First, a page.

The attorneys at GillespieShields practice family, employment, civil, criminal, probate, appellate, and immigration law.
We sat down with knowledgeable Arizona attorneys Robert Newell and Mark Shields to discuss prenuptial agreements.
Read on to learn five helpful prenup tips straight from the experts!
1. A PRENUP OR IT DIDN’T HAPPEN
With divorce rates so high in today’s cynical, post-modern world, getting a prenuptial agreement (or “prenup”) may mean the difference between a stable, secure future and personal catastrophe. A well-crafted prenuptial agreement should ensure that both parties are treated fairly in the event of a divorce. They are most common in second marriages, particularly where one spouse wants to maintain his or her property from before the second marriage for the sake of his or her children. No matter what kind of personal agreement you and your spouse may have made before your wedding, you should be aware that if you didn’t get a written prenuptial agreement, your arrangement is not legally binding.
2. YOUR INCOME IS COMMUNITY PROPERTY WITHOUT A PRENUP
Arizona is a “community property” state. This means that any income brought to the marriage by both you and your spouse is considered to be shared between the two of you, including houses, cars, income, savings, real estate and even furniture. If you and your spouse earn, say, a combined total of $150,000, that income is considered to be your shared “community” income. So in the event of a divorce, without a prenuptial agreement, that community income would be divided 50-50 between the two of you, even if you had earned $100,000 and your spouse $50,000. If you and your spouse want to set any kinds of boundaries between your personal incomes, then you need a prenup.
3. YOU CANNOT WAIVE CHILD SUPPORT WITH A PRENUP
Children have a legal right to receive support from both parents. Accordingly, the court will not uphold or enforce any part of a prenup that attempts to waive parental child support obligations on the part of either spouse. Remember, child support is not something you owe to your spouse, but to your child. It is part of your legal obligations as a parent and cannot simply be waived by a contract. Based on the same principle, child custody and visitation arrangements are likewise beyond the scope of a prenuptial agreement.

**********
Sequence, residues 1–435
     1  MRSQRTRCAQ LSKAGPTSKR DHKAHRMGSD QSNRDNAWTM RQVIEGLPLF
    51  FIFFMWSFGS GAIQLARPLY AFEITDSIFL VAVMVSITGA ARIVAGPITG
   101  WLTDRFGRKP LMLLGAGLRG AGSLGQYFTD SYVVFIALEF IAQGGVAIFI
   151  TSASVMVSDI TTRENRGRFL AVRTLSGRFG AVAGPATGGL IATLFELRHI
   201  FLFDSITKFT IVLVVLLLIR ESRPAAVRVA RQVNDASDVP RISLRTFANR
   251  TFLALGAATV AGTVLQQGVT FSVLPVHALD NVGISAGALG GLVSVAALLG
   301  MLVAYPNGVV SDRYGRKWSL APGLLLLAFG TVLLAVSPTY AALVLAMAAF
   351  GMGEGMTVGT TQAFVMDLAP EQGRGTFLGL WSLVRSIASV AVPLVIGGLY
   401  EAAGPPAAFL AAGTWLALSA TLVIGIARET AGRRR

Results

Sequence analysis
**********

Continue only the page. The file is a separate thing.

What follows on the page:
4. BOTH SIDES HAVE THE RIGHT TO REVIEW A PRENUP WITH COUNSEL
The hallmarks of a legally binding prenuptial agreement are fairness and disclosure. On that note, suppose that you’ve met with your attorney and have worked out what you feel would be the perfect prenup for your situation. Your spouse now needs the opportunity to review the document with his or her own attorney to ensure it’s something they can agree to as well. If they don’t receive the opportunity to review the prenup with their own counsel, it is likely to be thrown out by the court. They can always sign an official waiver for the right to counsel if they so desire.
5. ALREADY MARRIED? CONSIDER A POSTNUP
Even if you didn’t sign a prenup before getting married, it doesn’t mean that you have missed the opportunity to make a legal agreement with your spouse. You can always agree to a postnuptial agreement, or “postnup.” Studies have shown that financial issues are a leading cause of most divorces today. A postnuptial agreement can help set much-needed financial boundaries that can help to stabilize a marriage and possibly even prevent a divorce!
Remember, if your agreement doesn’t meet the right legal considerations, it might not hold up in court. Ensure your future is protected by contacting the attorneys at Gillespie, Shields, Goldfarb & Taylor, and get started on your prenuptial or postnuptial agreement today!